Even if the list were protected by the work product doctrine, the need for the information under the procedural posture of this case outweighs the minimal work product protection, due to the timing of this case and to the relatively large list of potential witnesses. Plaintiffs made no showing that disclosure now rather than in the coming months would cause undue prejudice. Plaintiffs' counsel's statement at the hearing that disclosure should be denied because some of the descriptions in the complaint are sufficiently detailed to enable Defendants to identify the individuals from the list of potential witnesses is unavailing; to the extent that the complaint enables identification, there is no confidentiality to preserve. Finally, while the Court recognizes that the number of potential witnesses in this case is not as large as in Aetna, it is substantially more than in MTI and Ashworth. Given the compressed discovery schedule, it is simply not practical for Defendants to interview or depose all 165 individuals who could possibly be the CWs.

  Accordingly, it is hereby ordered that Defendants' motion to compel further response to interrogatory 5 is granted. Plaintiffs need not disclose that counsel spoke to certain witnesses, or the substance of any interviews, but shall disclose a list of the identities of the twenty-two CWs to Defendants. Plaintiffs need not link up any particular C W with a paragraph in the complaint, and may identify the witnesses in any order. No later than April 26, 2004, Plaintiffs shall either disclose the list or file objections to this Order with Judge Armstrong.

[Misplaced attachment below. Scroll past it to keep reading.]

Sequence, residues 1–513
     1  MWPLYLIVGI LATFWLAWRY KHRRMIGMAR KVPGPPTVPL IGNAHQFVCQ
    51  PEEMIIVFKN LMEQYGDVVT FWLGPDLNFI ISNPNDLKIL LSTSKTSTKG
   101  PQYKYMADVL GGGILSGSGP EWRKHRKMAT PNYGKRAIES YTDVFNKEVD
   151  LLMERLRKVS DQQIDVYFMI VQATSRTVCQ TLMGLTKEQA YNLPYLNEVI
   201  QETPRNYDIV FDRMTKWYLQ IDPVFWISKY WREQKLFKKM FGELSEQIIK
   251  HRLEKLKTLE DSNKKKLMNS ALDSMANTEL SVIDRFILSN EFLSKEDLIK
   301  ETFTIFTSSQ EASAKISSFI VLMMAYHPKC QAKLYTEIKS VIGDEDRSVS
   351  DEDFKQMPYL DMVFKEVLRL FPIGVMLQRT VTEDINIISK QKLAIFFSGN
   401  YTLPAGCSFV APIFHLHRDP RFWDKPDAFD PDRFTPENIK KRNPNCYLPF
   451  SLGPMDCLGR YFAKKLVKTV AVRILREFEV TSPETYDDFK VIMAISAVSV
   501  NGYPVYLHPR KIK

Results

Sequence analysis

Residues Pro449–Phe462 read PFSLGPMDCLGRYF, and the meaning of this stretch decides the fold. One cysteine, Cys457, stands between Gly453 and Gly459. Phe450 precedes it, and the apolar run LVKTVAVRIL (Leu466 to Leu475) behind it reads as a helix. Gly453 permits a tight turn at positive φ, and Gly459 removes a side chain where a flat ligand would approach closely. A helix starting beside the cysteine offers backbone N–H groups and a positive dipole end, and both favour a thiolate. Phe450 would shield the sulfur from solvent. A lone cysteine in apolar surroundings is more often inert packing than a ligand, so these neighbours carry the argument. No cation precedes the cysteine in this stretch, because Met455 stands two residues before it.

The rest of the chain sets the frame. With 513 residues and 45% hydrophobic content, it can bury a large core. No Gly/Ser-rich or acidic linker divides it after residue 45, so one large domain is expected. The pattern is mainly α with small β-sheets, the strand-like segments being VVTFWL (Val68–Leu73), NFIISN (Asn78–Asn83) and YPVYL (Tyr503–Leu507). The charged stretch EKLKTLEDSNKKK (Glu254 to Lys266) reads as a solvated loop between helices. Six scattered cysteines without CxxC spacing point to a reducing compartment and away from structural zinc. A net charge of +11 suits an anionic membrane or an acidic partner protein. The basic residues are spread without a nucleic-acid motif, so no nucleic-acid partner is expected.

The Court declines to enter a protective order limiting the disclosure of these witnesses' identities because there has been no showing on this record of good cause. Although the Court agrees that, in general, whistle-blowers may often need protection from retaliation, here Plaintiffs conceded at the hearing that there was no evidence of any likelihood of retaliation in this case. None of the twenty-two CWs are current employees of Defendants, and Defendants' company no longer exists in the form that it previously did. The Court appreciates Plaintiffs' zealous attempts to protect the identities of these individuals, but without any showing of specific need, a protective order is not warranted. Of course, Plaintiffs may inform the witnesses of this Court's Order and their right to talk or not talk to the Defendants informally as they see fit. And, if any retaliation or abuse occurs, the Court will take prompt action, as Defendants recognized at the hearing.

  IT IS SO ORDERED.

20040421